Trading Part 2: Validation

3 November 2022

Part 1

Part 3

I've read a whole host of papers on this topic and my preferred model for market trends is to adapt the concept of Geometric Brownian Motion (GBM) from molecular physics. In a nutshell we assume that day-to-day returns follow a martingale/random walk process with drift:

dS = µSdt + σSdW 


In order to capture volatility smile it's not uncommon to use a stochastic volatility model (Heston's is popular and not so difficult to implement from scratch) wherein we consider that the vol is itself subject to a random walk, and that the volatility of returns is related to the "volatility of the volatility" (lol) by an empirically-determined correlation factor, usually denoted as ρ (rho). The difficulty in implementing a Heston model is actually in the calibration and ongoing re-calibration of the model because there are several parameters that need to be estimated.

In any case we're not going to get into Heston here. Instead I'm going to examine some data in order to validate some assumptions I made in Part 1.

Are mean returns zero?

I grabbed a quick CSV file of the S&P 500 daily closes for calendar year 2018. With some lisp and a little razzle-dazzle we can compute the logarithmic daily returns:

(lisp-stat:defdf spx (lisp-stat:read-csv #P"./sp500.csv"))

(defun logret-vector (input)
  (let ((v (make-array 1 :fill-pointer 0)))
    (vector-push-extend 0.0 v)
    (loop for i from 1 below (length input)
      do (vector-push-extend (- (log (elt input i)) (log (elt input (- i 1)))) v))

(lisp-stat:add-column! spx 'logret (logret-vector (lisp-stat:column spx 'close)))

Essentially what I've done here is instantiate an expandable vector and destructively added it to the data frame as a column. Then, we can use subseq to grab arbitrary chunks of time and determine the mean logarithmic return over the specified time frame:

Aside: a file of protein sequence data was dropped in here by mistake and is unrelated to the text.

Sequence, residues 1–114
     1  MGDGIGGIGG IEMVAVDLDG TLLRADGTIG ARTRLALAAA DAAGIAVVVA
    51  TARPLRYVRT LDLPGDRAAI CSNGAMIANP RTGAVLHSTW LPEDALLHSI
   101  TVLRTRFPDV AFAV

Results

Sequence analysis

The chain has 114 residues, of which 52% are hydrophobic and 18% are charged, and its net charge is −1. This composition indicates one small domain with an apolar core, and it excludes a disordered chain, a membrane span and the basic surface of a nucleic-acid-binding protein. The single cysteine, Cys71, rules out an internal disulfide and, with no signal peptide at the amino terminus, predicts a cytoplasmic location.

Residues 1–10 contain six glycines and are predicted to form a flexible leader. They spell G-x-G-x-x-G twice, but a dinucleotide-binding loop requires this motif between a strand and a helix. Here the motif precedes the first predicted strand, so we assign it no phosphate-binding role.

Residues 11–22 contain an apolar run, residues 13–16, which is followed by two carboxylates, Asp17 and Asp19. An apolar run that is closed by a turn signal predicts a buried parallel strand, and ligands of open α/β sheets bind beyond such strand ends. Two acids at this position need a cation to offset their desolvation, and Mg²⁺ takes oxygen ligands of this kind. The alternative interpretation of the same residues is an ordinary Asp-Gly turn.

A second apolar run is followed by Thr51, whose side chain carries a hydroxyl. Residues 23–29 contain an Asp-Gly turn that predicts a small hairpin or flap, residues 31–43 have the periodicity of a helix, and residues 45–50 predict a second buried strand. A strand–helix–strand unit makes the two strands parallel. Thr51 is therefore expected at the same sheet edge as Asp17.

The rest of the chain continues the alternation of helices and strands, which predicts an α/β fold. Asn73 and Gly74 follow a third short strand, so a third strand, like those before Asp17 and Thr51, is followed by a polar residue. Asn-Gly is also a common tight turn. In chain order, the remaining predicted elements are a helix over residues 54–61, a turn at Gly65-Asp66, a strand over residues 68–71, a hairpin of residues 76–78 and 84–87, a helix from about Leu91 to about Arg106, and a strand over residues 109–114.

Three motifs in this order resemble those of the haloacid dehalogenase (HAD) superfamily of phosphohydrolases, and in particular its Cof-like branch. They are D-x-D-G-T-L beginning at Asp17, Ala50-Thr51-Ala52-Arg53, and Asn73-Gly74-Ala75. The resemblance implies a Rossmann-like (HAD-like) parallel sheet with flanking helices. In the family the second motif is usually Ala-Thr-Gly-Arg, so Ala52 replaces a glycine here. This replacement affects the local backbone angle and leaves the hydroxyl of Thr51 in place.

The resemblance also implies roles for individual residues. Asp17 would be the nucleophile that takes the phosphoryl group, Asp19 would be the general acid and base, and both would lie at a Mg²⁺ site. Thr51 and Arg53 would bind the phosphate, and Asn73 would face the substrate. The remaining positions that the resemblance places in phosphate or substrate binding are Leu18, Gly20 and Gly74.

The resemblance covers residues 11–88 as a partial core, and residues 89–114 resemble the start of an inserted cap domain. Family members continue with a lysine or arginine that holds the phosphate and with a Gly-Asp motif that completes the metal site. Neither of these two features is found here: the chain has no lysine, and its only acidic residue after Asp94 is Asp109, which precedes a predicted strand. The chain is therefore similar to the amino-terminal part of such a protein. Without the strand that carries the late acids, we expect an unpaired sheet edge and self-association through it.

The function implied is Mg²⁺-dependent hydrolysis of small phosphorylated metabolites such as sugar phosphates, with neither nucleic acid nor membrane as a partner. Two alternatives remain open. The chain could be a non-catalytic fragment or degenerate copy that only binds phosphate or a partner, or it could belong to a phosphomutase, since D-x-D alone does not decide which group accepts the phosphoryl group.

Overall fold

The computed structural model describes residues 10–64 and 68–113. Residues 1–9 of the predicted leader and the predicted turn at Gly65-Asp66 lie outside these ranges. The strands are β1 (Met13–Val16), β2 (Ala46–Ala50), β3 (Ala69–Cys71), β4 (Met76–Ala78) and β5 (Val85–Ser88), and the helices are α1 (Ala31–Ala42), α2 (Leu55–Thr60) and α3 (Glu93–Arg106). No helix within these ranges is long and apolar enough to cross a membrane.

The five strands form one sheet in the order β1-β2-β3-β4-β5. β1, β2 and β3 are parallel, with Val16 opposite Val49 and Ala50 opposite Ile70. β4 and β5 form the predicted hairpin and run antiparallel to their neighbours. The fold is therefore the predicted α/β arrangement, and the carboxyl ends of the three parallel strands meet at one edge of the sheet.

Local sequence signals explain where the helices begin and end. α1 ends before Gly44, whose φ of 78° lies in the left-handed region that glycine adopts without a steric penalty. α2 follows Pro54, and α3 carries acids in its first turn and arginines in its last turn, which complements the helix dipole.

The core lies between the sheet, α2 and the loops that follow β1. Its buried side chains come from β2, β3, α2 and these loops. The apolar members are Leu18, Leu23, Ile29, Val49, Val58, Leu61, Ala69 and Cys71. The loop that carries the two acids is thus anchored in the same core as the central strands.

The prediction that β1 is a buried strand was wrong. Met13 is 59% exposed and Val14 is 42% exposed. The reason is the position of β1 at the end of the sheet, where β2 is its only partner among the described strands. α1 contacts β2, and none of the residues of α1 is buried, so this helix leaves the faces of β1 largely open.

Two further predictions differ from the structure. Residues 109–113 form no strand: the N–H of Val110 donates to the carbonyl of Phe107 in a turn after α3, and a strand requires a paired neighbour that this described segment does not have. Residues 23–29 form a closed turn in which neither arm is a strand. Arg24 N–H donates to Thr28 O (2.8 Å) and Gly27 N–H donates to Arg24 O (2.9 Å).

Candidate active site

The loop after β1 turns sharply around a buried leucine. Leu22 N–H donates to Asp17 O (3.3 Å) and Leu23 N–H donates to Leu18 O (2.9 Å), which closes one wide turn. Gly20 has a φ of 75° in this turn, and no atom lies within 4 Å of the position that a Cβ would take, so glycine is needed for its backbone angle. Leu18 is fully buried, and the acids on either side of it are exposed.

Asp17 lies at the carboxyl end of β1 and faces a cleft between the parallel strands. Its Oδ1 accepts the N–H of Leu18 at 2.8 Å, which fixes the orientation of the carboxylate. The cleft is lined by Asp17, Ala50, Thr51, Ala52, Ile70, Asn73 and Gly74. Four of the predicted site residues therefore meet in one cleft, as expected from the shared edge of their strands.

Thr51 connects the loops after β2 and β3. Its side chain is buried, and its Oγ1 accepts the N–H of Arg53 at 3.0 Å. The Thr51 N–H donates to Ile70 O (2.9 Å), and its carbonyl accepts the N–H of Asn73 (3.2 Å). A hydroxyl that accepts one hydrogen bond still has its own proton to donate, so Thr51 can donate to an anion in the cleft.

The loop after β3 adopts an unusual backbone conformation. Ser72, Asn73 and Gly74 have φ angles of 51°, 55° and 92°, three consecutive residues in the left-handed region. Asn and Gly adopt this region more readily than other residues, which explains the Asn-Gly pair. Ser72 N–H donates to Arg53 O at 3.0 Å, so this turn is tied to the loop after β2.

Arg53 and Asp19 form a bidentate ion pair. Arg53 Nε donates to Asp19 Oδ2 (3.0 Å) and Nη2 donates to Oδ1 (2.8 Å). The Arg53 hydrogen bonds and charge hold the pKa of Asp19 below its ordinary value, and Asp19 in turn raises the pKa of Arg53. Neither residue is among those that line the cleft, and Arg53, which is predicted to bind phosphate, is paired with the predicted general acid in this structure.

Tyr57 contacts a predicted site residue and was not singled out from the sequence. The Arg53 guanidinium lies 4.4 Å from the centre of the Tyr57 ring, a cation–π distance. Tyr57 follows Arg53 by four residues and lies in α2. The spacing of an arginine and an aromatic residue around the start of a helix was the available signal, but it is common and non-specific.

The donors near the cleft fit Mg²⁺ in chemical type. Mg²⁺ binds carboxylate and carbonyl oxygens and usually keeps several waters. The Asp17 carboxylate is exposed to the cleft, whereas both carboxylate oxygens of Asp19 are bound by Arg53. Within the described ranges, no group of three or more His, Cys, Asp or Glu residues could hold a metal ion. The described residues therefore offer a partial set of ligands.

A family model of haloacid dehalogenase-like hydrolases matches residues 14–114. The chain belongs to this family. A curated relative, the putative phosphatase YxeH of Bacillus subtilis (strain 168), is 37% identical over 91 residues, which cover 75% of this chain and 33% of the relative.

(lisp-stat:mean (subseq spx 3 8))

All's well there, so let's take two random indices within the vector and compute the mean, and we'll do that ten thousand times. Each iteration, we'll collect the mean to a list of means, and then we'll compute a "mean mean return":

(let ((col (lisp-stat:column spx 'logret)))
  (lisp-stat:mean (loop for i from 0 to 10000
            for a = (random (length col))
            for b = (random (- (length col) a))
            collect (lisp-stat:mean (subseq col a (+ a b))))))

Evaluating this in my REPL gives a mean return of about -0.001% depending on how the RNG decides to give out integers. I'm comfortable calling anything less than a tenth of a percentage point effectively zero.

How does Realized Volatility trend?

The second assumption I want to validate is the degree to which realized volatility varies from period to period. I'm not aware of a better technique for estimating tomorrow's realized vol than by taking a simple moving average of N periods of historical vol, but if you know of one then please get in touch with me because I'd love to hear from you.

Realized volatility is the square root of realized variance, which, since we are assuming the mean is equal to zero for simplicity's sake, is just the sum of squared logarithmic returns:

(let ((col (lisp-stat:column spx 'logret)))
  (sqrt (reduce #'+ (map 'vector
             (lambda (x) (expt x 2))
             (subseq col 51 251)))))

If you annualize the result of this calculation it comes out to about 17% and I want to make it clear at this point that the VIX is calculated in a completely different way (it's done using call and put prices) so this number won't be comparable to predictions made from the VIX.

In any case, the annualized figure compares quite favorably with some analysis done by Nasdaq GIS (pdf warning), so I like this result.

Given the above, we can take successive windows of, say, 200-day realized vol and see what the differences are:

(let ((col (lisp-stat:column spx 'logret)))
  (loop for a from 51 downto 0
    for b = (+ a 200)
    collect (sqrt
         (reduce #'+
             (map 'vector
              (lambda (x) (expt x 2))
              (subseq col a b))))))

The above snippet produces a list of 200-day realized volatilities, and if we compare their percentage-differences and plot the results we can see that the vast majority of the time, volatility is within 2% of the previous day's value!

In the pathological cases for calendar year 2018 we saw changes by up to 6% close-to-close, but in general I'd say it's safe to conclude that the trailing 200-day realized vol is a strong predictor of tomorrow's realized vol. In part 3 we'll put some of these concepts into practice when we forecast returns using statistics. See you next time!